I'm assigned to play winger. Within a couple minutes I careen into an opposing player and flatten her, I commit an off-side violation, and the ref skates over to the team manager to let her know I'm using the wrong stick (I have no idea that I "shoot left"). By the end of the game, I'm spitting out chunks of my plastic mouth guard, which I've chewed to pieces in a bad case of the nerves. When I exit the locker room after the game, a sweaty mess, my kids are sitting in a row on a bench in the lobby. All three are shaking their heads. "Oh well," my middle son says, "they say first is worst, right?"
But I don't give up easily--and I follow direction well. My manager instructs: "The puck is not a hot potato! Go out there and hold onto that puck for at least five seconds." And I do. "Both hands on the stick, lady!" she yells. And I listen. There are so many skills at work--skating, passing, shooting, and strategy. The learning curve is steep. I learn that taking risks pays off.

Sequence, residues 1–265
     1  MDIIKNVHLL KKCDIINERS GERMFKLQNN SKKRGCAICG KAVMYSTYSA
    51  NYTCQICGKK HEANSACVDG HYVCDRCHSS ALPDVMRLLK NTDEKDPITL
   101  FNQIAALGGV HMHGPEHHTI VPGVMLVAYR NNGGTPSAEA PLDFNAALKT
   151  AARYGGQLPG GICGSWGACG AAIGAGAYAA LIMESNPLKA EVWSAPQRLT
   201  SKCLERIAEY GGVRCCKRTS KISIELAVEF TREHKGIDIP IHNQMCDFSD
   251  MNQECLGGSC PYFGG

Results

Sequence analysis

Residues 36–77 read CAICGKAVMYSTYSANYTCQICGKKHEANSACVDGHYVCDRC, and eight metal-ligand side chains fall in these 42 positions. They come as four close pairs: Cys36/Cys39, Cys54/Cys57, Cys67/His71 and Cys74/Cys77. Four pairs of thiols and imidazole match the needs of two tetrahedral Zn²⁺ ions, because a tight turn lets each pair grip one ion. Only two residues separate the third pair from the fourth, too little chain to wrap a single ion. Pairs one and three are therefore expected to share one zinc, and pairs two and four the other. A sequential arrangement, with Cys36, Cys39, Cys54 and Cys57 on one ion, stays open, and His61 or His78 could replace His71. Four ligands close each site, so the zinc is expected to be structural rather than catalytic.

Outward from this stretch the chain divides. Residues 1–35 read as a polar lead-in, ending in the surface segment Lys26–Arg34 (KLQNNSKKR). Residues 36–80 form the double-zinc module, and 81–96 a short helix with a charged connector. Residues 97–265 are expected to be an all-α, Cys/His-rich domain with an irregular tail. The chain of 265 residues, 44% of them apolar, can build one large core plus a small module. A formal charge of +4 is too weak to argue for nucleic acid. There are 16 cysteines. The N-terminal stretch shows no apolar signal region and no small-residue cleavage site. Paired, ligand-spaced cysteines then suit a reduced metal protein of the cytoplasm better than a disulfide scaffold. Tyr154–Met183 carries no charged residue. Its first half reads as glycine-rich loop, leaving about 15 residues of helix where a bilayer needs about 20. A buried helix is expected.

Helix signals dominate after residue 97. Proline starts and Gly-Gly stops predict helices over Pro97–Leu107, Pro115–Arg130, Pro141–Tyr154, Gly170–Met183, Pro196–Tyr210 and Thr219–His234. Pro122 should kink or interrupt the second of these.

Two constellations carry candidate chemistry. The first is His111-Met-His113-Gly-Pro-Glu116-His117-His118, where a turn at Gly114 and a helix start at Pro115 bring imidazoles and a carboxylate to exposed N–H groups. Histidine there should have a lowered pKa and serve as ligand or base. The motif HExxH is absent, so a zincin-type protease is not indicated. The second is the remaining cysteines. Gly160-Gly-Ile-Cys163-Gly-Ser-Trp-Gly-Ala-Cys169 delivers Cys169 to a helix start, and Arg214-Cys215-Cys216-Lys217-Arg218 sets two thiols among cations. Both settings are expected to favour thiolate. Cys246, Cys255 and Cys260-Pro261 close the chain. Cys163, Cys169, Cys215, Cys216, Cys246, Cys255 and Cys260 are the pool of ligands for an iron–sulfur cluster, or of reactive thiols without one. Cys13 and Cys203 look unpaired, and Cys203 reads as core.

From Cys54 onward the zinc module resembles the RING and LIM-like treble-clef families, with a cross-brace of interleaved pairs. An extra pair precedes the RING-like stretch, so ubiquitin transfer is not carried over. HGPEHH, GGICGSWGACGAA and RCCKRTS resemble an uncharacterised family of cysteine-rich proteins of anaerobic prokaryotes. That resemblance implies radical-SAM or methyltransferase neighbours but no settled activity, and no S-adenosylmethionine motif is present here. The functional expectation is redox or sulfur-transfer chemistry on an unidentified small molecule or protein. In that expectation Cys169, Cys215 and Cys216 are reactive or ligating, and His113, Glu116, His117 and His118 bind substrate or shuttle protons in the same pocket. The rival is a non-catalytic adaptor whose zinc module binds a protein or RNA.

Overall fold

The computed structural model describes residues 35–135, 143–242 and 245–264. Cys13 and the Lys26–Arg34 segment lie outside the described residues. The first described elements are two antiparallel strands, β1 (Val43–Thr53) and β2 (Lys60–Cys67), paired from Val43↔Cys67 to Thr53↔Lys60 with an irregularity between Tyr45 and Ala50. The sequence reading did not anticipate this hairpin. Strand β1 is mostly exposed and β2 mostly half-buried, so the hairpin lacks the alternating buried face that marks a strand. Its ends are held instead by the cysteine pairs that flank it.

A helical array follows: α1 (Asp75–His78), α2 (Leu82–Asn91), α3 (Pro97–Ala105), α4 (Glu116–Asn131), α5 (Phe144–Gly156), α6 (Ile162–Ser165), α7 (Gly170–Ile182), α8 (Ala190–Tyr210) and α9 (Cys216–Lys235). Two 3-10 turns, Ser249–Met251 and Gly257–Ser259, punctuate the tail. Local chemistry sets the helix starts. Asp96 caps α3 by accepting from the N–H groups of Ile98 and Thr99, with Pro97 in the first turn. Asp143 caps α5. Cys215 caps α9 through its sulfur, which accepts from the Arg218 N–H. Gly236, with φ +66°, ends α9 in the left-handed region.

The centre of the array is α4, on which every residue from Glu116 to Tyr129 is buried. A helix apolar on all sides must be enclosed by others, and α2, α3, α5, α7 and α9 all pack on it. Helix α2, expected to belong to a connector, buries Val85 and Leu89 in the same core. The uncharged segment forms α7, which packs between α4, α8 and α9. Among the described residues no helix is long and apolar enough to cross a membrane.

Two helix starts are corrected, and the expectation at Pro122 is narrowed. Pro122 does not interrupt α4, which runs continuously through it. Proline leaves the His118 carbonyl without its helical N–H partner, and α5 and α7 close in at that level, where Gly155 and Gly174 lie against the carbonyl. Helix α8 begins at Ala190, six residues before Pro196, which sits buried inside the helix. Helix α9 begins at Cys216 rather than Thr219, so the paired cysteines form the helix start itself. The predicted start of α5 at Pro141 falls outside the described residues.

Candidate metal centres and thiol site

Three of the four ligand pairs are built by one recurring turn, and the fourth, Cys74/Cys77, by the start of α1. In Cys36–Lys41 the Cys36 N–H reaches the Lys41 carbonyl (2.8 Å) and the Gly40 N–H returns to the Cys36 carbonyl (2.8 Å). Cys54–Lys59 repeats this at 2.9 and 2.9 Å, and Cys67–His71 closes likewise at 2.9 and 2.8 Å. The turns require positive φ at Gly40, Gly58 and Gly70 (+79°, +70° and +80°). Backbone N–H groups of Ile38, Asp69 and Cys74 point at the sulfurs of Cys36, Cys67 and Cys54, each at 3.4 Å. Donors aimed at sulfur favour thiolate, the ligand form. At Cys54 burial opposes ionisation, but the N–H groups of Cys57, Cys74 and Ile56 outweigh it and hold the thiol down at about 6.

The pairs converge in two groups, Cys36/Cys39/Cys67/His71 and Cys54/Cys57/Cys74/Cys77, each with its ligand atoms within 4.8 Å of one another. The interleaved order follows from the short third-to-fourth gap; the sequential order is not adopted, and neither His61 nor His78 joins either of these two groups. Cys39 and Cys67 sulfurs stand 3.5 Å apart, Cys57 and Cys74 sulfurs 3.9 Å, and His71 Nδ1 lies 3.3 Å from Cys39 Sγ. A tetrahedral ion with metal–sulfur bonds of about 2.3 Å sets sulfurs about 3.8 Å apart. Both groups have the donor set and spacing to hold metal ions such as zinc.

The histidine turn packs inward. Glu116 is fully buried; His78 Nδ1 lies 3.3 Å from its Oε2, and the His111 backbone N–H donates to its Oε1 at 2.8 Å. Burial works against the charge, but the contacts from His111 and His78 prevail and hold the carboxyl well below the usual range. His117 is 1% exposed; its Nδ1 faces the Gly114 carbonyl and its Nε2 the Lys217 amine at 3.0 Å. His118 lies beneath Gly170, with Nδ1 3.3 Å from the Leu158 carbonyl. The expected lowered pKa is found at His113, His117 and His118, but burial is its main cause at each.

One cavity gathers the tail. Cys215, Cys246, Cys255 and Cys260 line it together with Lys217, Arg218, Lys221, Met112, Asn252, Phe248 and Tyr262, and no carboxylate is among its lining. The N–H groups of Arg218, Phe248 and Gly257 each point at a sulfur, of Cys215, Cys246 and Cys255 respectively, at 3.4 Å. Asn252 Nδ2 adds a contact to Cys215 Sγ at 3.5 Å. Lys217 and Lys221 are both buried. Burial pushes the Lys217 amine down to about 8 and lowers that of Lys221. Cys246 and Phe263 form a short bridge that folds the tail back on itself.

I practice at U-M's Yost Ice Arena and some guys ask me to join them for a three-on-three scrimmage. Mostly they skate circles around me, but the intensity of their game unleashes a new aggression in me, and I bring it to my next MACRHL game. In the locker room afterward, my teammates present me with the "Balls Out Award"--two street hockey balls. Although there's zero tolerance for checking--or rough play--in MACRHL, playing hard with a competitive spirit is encouraged. Skating hard and breathlessly after that puck becomes a form of therapy.